loop response perfectly is given by
g
ci
=
q
i
(1 g
r eff
ii
q
i
)
=
p
1
Mi
(s)
(
i
s +1)
m
i
p
Ai
(s)
(25)
where q
i
is the IMC controller and is designed by: q
i
= p
1
Mi
f
i
.
Since the above resulting controller does not have a standard
PIDcontroller form, it is requiredtoapproximate the ideal feedback
controller G
ci
to the equivalent PID controller forms.
Expanding g
ci
in a Maclaurin series in s yields
g
ci

f
i
(s)
s
=
1
s
_
f
i
(0) +f

i
(0)s +
f

i
(0)
2!
s
2
+
f

i
(0)
3!
s
3
+
_
(26)
The controller given by (25) is interpreted as the standard PID con-
troller by using the rst three terms andtruncating the higher order
terms, given by
g
ci
(s) = K
ci
_
1 +
1

Ii
s
+
Di
s
_
(27)
where
K
ci
= f

i
(0) (28a)

Ii
=
f

i
(0)
f
i
(0)
(29b)

Di
=
f

i
(0)
2f

i
(0)
(28c)
The derivative and integral time constants computed from (27)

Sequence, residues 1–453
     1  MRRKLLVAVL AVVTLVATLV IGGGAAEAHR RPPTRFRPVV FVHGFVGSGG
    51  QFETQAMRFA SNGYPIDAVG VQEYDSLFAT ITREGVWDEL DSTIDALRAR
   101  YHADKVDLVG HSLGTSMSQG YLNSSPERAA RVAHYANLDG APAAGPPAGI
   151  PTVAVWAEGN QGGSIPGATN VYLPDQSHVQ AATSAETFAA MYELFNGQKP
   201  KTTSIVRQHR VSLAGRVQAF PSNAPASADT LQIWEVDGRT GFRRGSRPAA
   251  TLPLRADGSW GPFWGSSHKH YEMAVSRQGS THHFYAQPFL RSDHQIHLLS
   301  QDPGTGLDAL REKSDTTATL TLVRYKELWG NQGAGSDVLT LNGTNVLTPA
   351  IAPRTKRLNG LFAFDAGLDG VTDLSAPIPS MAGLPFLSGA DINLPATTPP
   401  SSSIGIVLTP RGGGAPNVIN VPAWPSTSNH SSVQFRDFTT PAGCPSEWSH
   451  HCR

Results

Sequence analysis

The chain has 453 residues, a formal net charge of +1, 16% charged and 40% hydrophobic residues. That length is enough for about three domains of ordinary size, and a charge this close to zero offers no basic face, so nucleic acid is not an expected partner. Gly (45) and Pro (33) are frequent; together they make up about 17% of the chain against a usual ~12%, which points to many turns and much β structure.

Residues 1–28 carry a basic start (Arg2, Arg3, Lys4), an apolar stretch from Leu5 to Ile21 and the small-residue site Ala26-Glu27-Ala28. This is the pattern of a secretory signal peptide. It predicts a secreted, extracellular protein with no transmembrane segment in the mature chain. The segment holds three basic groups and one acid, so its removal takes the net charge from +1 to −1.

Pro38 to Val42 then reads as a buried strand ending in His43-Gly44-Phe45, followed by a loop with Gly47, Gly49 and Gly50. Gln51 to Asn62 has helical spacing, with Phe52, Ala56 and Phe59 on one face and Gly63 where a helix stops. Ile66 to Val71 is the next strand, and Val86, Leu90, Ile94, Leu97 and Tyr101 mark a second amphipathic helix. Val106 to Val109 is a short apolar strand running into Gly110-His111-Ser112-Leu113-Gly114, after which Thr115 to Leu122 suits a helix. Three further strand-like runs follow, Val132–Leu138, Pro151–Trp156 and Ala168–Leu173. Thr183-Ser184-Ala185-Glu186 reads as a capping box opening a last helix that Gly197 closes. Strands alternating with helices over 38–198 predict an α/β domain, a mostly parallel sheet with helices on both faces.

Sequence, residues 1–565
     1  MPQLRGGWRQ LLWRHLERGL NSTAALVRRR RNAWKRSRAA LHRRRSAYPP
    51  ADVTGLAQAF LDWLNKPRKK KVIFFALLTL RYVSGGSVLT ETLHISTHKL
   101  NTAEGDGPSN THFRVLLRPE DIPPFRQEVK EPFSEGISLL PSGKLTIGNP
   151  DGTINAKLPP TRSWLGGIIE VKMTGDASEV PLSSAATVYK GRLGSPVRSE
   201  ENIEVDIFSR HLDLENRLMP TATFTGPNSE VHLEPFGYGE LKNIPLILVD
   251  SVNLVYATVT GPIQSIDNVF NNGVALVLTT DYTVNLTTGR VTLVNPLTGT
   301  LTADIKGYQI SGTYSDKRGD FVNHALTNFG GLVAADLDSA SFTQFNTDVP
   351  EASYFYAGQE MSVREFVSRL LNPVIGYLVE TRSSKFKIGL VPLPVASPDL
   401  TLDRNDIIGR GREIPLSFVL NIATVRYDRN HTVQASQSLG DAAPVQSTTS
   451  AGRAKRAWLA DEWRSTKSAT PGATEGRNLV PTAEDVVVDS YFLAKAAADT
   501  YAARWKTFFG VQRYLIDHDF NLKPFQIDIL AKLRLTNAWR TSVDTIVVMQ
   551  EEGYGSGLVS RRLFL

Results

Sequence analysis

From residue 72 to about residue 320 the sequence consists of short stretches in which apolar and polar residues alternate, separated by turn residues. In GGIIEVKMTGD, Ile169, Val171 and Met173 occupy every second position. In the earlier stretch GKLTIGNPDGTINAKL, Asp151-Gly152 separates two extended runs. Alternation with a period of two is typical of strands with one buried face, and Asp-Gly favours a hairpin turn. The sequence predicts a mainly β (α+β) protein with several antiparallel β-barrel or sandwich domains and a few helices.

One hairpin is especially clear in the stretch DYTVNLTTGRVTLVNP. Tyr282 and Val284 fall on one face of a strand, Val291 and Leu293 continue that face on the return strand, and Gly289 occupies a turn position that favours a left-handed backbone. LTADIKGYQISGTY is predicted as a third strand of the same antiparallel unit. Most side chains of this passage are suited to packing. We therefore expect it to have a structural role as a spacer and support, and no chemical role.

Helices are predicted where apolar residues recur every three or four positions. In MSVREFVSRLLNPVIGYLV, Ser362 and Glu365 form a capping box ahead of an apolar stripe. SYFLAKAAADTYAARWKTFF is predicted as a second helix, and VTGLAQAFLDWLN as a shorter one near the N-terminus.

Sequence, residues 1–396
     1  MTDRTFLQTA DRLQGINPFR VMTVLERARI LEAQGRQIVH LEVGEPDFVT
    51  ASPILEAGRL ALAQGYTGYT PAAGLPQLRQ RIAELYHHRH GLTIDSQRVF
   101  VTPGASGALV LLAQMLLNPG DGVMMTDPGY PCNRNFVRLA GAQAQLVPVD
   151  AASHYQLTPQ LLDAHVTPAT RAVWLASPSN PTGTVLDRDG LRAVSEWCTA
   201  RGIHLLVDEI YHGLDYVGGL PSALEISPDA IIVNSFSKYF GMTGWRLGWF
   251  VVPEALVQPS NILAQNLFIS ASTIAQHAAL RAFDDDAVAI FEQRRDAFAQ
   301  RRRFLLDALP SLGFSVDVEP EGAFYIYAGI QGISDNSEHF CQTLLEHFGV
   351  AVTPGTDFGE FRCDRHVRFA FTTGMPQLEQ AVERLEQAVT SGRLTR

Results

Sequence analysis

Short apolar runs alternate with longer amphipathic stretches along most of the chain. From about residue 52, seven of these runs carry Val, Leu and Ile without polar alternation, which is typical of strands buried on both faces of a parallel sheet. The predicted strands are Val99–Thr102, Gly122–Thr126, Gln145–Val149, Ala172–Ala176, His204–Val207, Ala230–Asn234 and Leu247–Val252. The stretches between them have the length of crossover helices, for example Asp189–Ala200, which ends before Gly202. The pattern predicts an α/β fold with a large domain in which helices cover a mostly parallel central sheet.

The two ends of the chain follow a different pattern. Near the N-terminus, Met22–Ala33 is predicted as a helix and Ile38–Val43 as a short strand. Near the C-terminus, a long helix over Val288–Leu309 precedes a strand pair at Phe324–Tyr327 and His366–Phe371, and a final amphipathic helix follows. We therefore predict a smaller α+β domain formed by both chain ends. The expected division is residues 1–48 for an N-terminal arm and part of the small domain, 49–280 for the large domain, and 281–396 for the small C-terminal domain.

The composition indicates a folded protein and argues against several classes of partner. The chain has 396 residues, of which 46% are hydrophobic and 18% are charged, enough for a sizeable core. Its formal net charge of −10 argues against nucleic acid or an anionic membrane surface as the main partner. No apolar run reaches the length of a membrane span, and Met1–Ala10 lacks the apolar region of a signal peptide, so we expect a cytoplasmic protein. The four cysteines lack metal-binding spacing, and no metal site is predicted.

could have negative values when the reduced EOTF model has a
strong lead term. In this case, a PID controller in series with the
rst-order lag lter structure is recommended for use
g
ci
(s) = K
ci
_
1 +
1

Ii
s
+
Di
s
_
1

Fi
s +1
(29)
where
K
ci
= f
i
(0)
_
f

i
(0)
3f

i
(0)
_
+f

i
(0) (30a)

Ii
=
f

i
(0)
3f

i
(0)
+
f

i
(0)
f
i
(0)
(30b)

Di
=
1
2
_
2f

i
(0)f

i
(0) 3(f

i
(0))
2
f

i
(0)f
i
(0) 3f

i
(0)f

i
(0)
_
(30c)

Fi
=
1
3
_
f

i
(0)
f

i
(0)
_
(30d)
5. Simulation study
In this section, three examples are considered to demonstrate
the performance of the proposed method in comparison with those
of other well-known methods. To ensure a fair comparison, the
performance and robustness of the control system are measured
by the following evaluation criteria.
5.1. Performance index
Toevaluateclosed-loopperformance, theintegral absoluteerror
(IAE) criterion is considered, which is dened as:
IAE =
_

0
|e(t)|dt (31)
where e(t) =r(t) y(t).
5.2. Robustness index
In this study, a well-known method for robust stability
[2,24,42,43] is utilizedfor a fair comparisonwithother comparative
methods. The multiple sources of uncertaintyare lumpedintoa sin-
gle complex perturbation (multiplicative input/output form). Since
the output uncertainty is often less restrictive than input uncer-